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The reasons for hysteroscopy can be many. Hysteroscopy is helpful in detecting malformations and bleeding disorders. Also, with the help of hysteroscopy, the uterine lining or growths can be removed. How the operation works, which forms there are and what you have to consider before and after the procedure, you can find out here.
Hysteroscopy – Definition
During the so-called hysteroscopy, the uterine cavity is mirrored. With the help of this procedure, examinations and minor interventions are performed in the uterus. In the beginning, the cervix is slightly widened and then a thin instrument is inserted through it. This procedure is relatively small and does not require any incisions. Ureteroscopy is therefore valued by many physicians. It also makes diagnosis and therapy possible in just one procedure.
Another instrument is inserted through the thin instrument used in the procedure. This allows for a more detailed examination of the uterus. In the following sections, you will learn about the reasons for a uterus endoscopy, how the examination is performed and what costs can be expected.
Reasons For A Uterus Endoscopy
There are several reasons to have this procedure done. Uteroscopies can be used to reliably diagnose and treat bleeding disorders, as well as changes in the uterus. Changes in the uterus include tumors, polyps, malformations, and fibroids. During endoscopy, the uterine lining or growths can be removed. Ureteroscopy can also be helpful in determining the causes of repeated miscarriages.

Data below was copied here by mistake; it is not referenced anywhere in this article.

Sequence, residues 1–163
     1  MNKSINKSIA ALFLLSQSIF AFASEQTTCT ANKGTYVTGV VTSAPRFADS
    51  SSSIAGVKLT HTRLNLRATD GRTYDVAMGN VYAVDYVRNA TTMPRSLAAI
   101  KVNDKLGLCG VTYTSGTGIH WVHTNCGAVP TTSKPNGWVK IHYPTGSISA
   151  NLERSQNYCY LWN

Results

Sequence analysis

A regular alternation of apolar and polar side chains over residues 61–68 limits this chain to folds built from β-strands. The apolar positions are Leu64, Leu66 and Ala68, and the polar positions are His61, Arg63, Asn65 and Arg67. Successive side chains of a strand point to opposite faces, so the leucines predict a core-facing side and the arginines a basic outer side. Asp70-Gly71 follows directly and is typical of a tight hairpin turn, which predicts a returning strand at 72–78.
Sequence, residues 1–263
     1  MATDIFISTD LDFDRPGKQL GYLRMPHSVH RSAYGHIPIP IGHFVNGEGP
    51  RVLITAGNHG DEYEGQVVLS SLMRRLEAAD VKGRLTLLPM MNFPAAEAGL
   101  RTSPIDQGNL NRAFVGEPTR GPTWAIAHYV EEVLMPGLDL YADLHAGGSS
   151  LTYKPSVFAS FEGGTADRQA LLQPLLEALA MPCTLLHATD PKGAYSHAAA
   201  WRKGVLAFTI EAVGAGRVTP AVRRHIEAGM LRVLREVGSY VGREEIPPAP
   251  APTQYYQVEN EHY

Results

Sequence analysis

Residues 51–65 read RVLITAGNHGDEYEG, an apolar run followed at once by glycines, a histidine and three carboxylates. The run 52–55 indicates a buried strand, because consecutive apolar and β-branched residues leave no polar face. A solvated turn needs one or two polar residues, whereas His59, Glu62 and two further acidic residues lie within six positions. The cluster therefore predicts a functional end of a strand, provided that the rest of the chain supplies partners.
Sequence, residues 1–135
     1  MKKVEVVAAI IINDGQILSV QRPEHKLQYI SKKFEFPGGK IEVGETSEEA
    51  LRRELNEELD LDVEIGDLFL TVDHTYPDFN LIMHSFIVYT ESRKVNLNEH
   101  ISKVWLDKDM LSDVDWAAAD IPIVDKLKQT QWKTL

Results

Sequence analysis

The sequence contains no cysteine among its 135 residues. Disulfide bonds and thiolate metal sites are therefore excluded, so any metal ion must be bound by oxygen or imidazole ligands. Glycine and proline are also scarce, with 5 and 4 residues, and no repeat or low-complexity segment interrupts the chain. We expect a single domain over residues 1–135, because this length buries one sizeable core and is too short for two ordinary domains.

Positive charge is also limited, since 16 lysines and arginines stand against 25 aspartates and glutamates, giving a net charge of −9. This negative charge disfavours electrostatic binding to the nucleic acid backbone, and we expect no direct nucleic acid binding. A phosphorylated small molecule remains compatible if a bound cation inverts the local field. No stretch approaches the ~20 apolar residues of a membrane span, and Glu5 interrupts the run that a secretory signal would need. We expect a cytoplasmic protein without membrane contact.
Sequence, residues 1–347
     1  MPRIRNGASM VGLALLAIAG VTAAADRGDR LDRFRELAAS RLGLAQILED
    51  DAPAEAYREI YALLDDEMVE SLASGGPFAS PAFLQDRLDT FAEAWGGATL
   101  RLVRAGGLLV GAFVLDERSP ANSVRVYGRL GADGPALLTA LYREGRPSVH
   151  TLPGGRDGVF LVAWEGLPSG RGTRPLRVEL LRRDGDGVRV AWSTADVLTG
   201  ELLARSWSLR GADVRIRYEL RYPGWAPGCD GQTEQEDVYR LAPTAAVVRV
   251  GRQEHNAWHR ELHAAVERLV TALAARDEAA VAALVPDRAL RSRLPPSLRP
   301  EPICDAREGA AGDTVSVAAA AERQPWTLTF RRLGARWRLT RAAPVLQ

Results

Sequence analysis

The Different Forms Of Uterus Endoscopy
There are two types of uterine endoscopy:
- Diagnostic hysteroscopy: It can be performed on an outpatient basis and a narrower hysteroscope is used. Smaller operations such as biopsies are possible during diagnostic hysteroscopy.
- Surgical hysteroscopy: This procedure uses a larger diameter hysteroscope and a continuous irrigation suction pump. With the help of this procedure polyps, myomas, dissections of a possible uterine septum can be removed. It is also possible to remove uterine mucosa with the surgical uterus endoscopy.
Uterus And Childbearing
Before the 20th week of pregnancy, approximately one to two percent of all women who wish to have children experience repeated miscarriages. An examination of the uterus helps to clarify the causes. The lining of the uterus suffers from scraping after the miscarriage. Therefore, it is possible that it is not well built up. In addition, the uterus is examined for malformations.